Niu Shuli, researcher with the Institute of Geographic Sciences and Natural Resources Research (IGSNRR), is a recipient of the National Science Fund for Distinguished Young Scholars, and a winner of the 15th For Women in Science (FWIS) Award (in China).
Choosing a Way She Likes
Based on the results of analyses of fossils, the earth is very sensitive to temperature change. Climate change can significantly affect and alter the ecosystem, including vegetation. What will happen to humans if the ecosystem suffers serious deterioration? That is one of the questions Niu is trying to answer. How? By exploring the complicated relationship between climate change and the world's ecosystems on land.
Niu used to conduct field experiments in North China's Inner Mongolia Autonomous Region. She recalls her experience in conducting photosynthetic tests: "Plants can adapt to high temperature or extreme cold. Human beings have experienced the highest level of evolution, so why do we refuse to endure the hardships during field experiments? I always think field research makes me excited."
Years of participation in field experiments has improved Niu's physical condition because she often carried heavy test devices and walked long hours in the wild. More importantly, those work experiences have strengthened her will and desire to conduct scientific research.
Niu has chosen to focus her research on the Qinghai-Tibetan Plateau. Why? Simply put, because many researchers have referred to the plateau as "a natural laboratory."
Niu explains, "The Qinghai-Tibetan Plateau is an area sensitive to climate change. In fact, compared with other places on our earth, the Qinghai-Tibetan Plateau is influenced faster by climate change. The evolution of the ecological environment on this plateau represents typical feedback to the changes of the ecosystem on land caused by climate change."
It is for this reason that Niu and her team have established a research site in Ruo'ergai (a region on the Qinghai-Tibetan Plateau) to help scientists obtain firsthand research results from nature.
More Than Scientific Research Results
Ruo'ergai, near the northeastern border of the Qinghai-Tibetan Plateau, is located in Aba Tibetan and Qiang Autonomous Prefecture, in Southwest China's Sichuan Province. In Ruo'ergai, plants normally grow vigorously between early May and the beginning of October. As such, those months are the best period for conducting scientific research in the region. Niu's team usually lives in Ruo'ergai between May and October.
Most of the members of Niu's team are young Ph.D. students who are curious and passionate about scientific research and who persist in working hard to fulfill their innovative ideas.
According to the record of research progress published on IGSNRR's website, Niu's team's research findings were published in Science Advances on August 22, 2019. The water-scaling pattern revealed in the team's study provides compelling evidence that water regulates ecosystem feedback to climate warming.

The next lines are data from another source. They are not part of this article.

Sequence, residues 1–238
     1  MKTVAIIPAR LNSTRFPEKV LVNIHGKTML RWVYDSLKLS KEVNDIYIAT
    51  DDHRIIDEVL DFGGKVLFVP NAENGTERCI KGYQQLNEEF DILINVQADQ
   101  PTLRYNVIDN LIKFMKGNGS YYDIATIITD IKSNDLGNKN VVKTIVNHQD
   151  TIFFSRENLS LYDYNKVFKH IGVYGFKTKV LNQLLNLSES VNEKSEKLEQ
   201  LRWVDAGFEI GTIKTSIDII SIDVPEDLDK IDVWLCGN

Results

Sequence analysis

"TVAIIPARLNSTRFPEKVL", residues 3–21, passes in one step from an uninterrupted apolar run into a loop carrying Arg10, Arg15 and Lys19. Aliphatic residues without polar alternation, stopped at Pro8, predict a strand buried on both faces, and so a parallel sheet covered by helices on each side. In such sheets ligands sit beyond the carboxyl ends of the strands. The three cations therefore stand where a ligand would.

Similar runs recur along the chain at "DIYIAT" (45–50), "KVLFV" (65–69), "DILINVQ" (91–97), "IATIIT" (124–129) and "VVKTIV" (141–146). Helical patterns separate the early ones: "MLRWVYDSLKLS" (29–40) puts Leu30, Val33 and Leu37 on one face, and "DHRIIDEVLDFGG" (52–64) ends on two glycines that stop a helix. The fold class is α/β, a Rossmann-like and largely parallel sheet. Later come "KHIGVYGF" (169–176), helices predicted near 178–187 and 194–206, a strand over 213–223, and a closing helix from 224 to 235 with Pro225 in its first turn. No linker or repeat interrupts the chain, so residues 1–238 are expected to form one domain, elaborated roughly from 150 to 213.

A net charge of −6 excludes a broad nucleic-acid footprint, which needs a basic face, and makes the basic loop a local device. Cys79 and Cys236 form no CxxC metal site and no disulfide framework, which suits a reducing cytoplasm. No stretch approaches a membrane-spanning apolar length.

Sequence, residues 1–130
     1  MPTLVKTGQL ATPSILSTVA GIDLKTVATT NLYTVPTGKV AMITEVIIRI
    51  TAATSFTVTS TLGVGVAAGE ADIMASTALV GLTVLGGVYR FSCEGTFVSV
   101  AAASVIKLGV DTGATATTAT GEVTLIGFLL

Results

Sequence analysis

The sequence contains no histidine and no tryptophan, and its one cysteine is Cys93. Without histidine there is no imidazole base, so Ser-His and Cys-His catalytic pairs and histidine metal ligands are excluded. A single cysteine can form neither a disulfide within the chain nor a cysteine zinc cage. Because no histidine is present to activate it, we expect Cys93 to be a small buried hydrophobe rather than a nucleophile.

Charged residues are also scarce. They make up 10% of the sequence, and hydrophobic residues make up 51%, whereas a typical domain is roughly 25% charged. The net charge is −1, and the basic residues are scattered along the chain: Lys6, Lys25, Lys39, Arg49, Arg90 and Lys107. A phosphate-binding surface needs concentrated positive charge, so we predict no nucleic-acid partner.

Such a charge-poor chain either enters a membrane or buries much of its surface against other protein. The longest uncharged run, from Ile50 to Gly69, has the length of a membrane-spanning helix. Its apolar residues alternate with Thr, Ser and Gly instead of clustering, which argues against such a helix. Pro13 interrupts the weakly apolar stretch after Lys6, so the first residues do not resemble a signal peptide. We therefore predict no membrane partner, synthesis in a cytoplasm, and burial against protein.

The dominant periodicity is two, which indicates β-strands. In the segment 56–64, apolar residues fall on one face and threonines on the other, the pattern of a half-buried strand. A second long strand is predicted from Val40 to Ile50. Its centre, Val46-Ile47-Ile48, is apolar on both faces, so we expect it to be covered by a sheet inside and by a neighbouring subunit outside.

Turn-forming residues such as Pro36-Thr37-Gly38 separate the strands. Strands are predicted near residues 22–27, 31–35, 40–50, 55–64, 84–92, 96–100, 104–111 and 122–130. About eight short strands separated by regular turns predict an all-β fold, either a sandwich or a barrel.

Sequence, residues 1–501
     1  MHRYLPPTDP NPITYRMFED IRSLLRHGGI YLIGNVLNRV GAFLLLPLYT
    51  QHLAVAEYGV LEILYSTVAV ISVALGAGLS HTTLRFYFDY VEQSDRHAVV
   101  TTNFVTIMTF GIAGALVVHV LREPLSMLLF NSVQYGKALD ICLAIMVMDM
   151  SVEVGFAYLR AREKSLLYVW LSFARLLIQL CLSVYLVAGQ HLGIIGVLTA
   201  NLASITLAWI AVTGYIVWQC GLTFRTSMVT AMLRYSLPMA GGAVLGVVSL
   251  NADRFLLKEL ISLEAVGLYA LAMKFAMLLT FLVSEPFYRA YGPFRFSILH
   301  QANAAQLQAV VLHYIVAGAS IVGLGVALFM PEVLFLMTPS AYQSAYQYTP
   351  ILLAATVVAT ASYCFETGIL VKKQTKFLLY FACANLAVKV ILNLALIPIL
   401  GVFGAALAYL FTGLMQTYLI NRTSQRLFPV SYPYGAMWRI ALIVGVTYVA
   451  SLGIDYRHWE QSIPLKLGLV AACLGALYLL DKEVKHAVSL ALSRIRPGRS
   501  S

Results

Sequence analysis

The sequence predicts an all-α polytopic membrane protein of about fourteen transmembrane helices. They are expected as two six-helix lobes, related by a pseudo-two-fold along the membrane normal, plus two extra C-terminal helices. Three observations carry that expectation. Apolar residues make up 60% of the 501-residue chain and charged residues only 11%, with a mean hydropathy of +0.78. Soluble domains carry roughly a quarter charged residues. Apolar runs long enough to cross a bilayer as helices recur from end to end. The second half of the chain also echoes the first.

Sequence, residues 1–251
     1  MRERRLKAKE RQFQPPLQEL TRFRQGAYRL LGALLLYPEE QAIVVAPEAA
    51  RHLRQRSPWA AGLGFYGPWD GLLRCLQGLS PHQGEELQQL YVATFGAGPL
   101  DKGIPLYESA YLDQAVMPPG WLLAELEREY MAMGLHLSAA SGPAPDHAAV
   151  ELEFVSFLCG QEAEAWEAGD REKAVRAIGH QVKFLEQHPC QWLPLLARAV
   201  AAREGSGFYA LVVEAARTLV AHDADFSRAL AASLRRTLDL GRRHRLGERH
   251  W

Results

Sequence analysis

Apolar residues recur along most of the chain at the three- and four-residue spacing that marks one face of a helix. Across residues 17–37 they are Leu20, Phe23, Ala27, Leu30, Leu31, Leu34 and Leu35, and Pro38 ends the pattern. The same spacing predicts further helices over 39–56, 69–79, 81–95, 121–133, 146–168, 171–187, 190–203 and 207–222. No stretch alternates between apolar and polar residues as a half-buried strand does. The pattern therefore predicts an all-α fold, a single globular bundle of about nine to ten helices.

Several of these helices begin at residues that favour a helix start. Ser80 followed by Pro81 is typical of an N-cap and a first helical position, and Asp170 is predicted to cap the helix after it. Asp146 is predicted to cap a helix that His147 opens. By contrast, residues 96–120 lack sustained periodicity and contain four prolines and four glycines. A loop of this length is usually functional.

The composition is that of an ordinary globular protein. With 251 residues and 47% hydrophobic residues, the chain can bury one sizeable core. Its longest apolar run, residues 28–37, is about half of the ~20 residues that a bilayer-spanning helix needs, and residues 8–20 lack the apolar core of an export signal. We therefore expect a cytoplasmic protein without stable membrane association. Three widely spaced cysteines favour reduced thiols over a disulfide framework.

"Scientific research inspires our curiosity, and it inspires us in a way unlike any other job. The reason why my team has achieved so much in our research is because we have a strong will to explore various secrets hidden in nature, and because we care about the ecosystem problems mankind has to cope with," Niu says.
Diligence Key to Opening Gate of Sciences
As a recipient, Niu delivered a speech during the 15th FWIS Awards (in China) Ceremony held in April 2019. "Diligence is the key to opening the gate of sciences, not gender. I don't think women and men have a gap regarding what they do in scientific research. Ecological research, in a wild environment, can be challenging for women. But women's ability to endure and persist can be better than that of men in a wild environment," she said. Niu also mentioned the efforts, by all segments of society in recent years, to improve women scientists' life and work environments.
Niu sets a good example for her daughter, by showing her the importance of grasping every opportunity to learn . When Niu accompanies her daughter to a museum, and, in particular, when she sees the introductions to plants, Niu takes the time to read the introductions carefully.
Niu is also a model for the members of her research team, especially for the women Ph.D. students. When the 15th FWIS Awards (in China) Ceremony was held, in Beijing, the women students of her research team attended the ceremony with Niu. The students dressed elegantly for the ceremony, but quickly changed into their research clothes after the event. Working in the wild for months at a time has left the women's skin dry and rough. However, Niu and her team are undaunted, as they want to make a significant contribution for mankind.
How should a person spend his/her life, especially given the limited period of time he/ she has on earth? For Niu and the members of her research team, the answer is simple: Continue exploring nature, with love and passion.
Photos Supplied by Niu Shuli
(Women of China English Monthly February 2022 issue)
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